Ohio’s auto theft picture improved last year as thefts decreased about 2 percent from 2002, according to estimates released by the Ohio Insurance Institute (OII), a property/casualty trade group.
Based on auto theft survey results of 17 major Ohio city police departments and data from the FBI’s Uniform Crime Reports, OII estimates that statewide auto thefts decreased 1.9 percent between 2002-2003. This decrease follows an uptick of 1.3 percent realized between 2001-2002, which mirrored the US increase of 1.4 percent for the same period. Prior to 2000, national figures showed an eight-year period of auto theft decreases (1992-1999), followed by a 1.2 percent increase between 1999-2000, according to the FBI’s Uniform Crime Reports.
OII’s findings suggest Cincinnati is where drivers experience the greatest chance of becoming an auto theft statistic in the Buckeye state. In Cincinnati there was one theft for every 52 registered vehicles in the city, a greater chance than its 2002 ratio of one in 59 vehicles. That said, Cincinnati’s ratio isn’t much worse than Dayton’s (one in 62) or Cleveland’s (one in 63). In OII’s 2002 auto theft comparison, Cleveland had a ratio of 1 in 58 while Dayton averaged one theft for every 54 registered vehicles—the worst in the state in 2002.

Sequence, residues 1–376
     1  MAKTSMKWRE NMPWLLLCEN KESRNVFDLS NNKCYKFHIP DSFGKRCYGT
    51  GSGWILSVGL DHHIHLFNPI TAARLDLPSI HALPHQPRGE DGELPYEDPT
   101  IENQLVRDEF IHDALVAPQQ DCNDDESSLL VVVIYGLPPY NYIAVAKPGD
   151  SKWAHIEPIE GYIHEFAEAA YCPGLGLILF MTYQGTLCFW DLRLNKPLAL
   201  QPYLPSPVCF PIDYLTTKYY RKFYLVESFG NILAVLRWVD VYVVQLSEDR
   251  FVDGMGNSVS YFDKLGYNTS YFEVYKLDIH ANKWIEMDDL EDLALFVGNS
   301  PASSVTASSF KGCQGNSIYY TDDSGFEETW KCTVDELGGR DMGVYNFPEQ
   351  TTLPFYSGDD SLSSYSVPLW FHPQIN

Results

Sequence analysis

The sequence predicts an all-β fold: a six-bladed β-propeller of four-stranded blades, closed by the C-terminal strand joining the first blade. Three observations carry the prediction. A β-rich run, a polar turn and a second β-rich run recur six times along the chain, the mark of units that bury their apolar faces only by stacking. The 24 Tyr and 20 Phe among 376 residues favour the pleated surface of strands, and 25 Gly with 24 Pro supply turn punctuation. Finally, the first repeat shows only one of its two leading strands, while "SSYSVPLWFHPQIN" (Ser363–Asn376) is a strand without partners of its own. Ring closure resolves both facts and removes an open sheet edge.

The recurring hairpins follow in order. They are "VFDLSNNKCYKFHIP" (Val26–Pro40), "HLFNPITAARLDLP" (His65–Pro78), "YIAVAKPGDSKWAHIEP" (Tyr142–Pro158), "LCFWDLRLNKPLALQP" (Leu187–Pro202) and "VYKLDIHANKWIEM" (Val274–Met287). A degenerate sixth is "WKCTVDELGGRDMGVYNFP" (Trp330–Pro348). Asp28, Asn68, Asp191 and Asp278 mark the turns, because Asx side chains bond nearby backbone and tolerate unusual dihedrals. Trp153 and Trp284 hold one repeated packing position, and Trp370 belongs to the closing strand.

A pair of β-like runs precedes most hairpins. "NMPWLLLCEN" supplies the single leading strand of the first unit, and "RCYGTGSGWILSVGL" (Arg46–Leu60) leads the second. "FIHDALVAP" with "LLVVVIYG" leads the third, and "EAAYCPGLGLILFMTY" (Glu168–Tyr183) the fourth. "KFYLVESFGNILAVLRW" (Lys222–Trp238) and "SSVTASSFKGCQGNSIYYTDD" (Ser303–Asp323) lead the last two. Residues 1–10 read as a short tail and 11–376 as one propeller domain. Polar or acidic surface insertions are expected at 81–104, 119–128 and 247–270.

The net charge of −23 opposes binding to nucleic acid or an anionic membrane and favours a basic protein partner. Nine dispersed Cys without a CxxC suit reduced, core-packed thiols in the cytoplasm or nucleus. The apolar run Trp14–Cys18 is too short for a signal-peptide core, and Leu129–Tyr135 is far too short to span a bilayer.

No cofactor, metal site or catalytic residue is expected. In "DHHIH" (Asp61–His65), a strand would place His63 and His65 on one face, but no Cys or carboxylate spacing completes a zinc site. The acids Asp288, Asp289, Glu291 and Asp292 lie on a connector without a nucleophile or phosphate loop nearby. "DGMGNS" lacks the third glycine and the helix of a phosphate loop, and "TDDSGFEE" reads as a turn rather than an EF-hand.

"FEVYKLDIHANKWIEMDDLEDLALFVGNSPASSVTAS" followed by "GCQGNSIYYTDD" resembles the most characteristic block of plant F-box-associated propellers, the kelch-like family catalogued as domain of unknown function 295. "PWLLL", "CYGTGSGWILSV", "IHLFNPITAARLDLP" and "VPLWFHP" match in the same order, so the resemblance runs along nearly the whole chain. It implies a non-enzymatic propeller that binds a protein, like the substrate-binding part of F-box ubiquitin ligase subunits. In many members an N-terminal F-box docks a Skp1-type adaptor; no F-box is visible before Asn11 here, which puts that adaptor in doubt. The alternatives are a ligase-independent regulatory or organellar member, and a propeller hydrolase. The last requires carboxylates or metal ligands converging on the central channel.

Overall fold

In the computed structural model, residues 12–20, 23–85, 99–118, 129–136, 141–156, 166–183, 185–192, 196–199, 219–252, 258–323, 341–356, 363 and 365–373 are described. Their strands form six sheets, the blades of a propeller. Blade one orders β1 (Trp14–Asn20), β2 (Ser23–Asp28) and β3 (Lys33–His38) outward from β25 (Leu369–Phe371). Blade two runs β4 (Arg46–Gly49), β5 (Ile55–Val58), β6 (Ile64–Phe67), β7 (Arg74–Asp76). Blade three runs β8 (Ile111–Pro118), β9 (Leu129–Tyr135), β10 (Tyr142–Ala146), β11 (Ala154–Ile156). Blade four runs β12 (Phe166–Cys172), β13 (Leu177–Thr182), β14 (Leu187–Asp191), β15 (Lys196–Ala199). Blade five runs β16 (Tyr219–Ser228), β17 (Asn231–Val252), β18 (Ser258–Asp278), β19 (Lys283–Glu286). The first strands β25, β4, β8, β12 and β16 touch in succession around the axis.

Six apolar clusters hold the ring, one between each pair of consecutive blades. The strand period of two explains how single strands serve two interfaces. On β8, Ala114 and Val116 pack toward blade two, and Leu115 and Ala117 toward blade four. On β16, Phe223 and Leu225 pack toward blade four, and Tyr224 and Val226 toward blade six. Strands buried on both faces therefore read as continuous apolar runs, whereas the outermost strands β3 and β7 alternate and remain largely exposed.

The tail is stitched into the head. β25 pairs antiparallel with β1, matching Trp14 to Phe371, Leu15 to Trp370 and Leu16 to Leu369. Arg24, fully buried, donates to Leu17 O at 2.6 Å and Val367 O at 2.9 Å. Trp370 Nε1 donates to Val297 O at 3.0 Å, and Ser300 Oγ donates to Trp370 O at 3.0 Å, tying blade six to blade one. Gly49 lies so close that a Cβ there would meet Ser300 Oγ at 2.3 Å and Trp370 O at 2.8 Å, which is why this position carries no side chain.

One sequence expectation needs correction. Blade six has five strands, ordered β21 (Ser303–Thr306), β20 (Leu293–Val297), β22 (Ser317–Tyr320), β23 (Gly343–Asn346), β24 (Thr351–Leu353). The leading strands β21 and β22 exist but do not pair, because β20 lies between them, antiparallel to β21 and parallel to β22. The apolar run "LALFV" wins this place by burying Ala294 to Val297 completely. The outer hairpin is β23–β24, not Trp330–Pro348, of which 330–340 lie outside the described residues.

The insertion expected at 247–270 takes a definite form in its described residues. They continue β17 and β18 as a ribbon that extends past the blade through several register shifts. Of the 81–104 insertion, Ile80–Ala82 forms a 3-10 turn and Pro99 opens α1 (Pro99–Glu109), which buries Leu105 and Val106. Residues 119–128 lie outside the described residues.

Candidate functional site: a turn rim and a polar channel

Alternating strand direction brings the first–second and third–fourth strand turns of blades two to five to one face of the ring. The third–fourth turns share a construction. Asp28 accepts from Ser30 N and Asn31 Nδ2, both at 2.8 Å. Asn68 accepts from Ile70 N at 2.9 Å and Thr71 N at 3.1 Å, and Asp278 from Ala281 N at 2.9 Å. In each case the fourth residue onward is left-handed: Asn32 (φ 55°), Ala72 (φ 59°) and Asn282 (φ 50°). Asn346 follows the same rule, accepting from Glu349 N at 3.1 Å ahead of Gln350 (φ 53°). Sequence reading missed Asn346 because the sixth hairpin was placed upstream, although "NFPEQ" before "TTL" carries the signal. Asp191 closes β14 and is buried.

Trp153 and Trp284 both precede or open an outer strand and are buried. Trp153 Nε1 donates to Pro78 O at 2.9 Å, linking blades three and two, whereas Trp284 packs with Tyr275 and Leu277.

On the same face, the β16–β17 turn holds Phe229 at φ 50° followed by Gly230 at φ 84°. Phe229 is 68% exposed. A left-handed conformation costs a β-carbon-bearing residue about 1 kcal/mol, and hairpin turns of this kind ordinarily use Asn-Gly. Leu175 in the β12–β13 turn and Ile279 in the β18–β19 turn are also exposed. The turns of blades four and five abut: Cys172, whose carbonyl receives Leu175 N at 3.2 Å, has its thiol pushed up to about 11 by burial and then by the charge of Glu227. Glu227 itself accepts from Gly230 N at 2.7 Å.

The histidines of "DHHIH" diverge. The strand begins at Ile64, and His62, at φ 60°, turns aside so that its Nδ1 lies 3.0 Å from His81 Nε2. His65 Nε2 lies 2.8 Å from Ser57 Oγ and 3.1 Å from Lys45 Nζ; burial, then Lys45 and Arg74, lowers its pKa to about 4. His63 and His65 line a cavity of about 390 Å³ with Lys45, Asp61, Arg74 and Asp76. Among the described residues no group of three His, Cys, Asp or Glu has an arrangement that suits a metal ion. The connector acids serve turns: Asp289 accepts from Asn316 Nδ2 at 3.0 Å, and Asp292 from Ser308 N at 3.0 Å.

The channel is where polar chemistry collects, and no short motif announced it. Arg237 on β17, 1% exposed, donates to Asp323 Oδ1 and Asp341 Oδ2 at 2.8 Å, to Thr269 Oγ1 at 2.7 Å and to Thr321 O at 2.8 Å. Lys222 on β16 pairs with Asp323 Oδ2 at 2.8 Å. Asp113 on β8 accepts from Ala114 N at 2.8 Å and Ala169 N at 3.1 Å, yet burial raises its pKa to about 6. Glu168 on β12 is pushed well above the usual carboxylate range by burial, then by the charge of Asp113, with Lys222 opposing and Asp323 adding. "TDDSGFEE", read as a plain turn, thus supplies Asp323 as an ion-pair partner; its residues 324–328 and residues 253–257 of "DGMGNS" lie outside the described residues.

Between 2002 and 2003, auto theft activity in Ohio’s major cities ranged from a decrease of 48.5 percent in Euclid to an increase of 37.7 percent in Canton. Based on survey results, OII estimates statewide auto thefts were 41,943 in 2003. The FBI’s Uniform Crime Reports shows statewide thefts were 42,767 in 2002 and 42,229 in 2001.
The FBI reports that the average value per vehicle stolen in 2002 was $6,701, up from the 2001 figure of $6,646. According to OII calculations, the value of unrecovered vehicles in 2003 exceeded $103.7 million—down from 2002’s tally of $105.7 million. The nation’s vehicle recovery rate improved from 62.2 percent in 2001 to 63.1 percent in 2002.
Based on OII’s analysis, nine cities reported decreases between 2002-2003 ranging from 3.1 percent to 48.5 percent. Of the cities reporting decreases, Euclid had the greatest percentage drop—down 48.5 percent—reducing thefts from 297 in 2002 to 153 in 2003. Five other cities experienced double-digit decreases in auto theft: Lima (26.7 percent), Mansfield (16.8 percent), Dayton (15.3 percent), Elyria (15.3 percent) and Akron (12.5 percent).
Canton showed a 37.7 percent increase between 2002-2003, the highest percentage increase in the state. Parma (20 percent), Warren (14.6 percent) and Cincinnati (12.4 percent) ranked second through fourth respectively among cities experiencing the highest auto theft percentage increases.
An OII comparison of 2003 thefts to vehicle registrations indicates one vehicle stolen for every 288 registered in the state, a slight improvement from the 2002 ratio of 1 in 282 and 2001’s ratio of 1 in 275. Although Lorain showed a slight increase in the number of thefts this year—3.1 percent—their ratio of one theft for every 593 registered vehicles remains best in the survey for the second consecutive year (1 in 619 in 2002).
The Consumer Electronics Association estimates that consumers will spend $255 million in 2004 for aftermarket electronic vehicle security devices (like keyless entry and electronic tracking systems).
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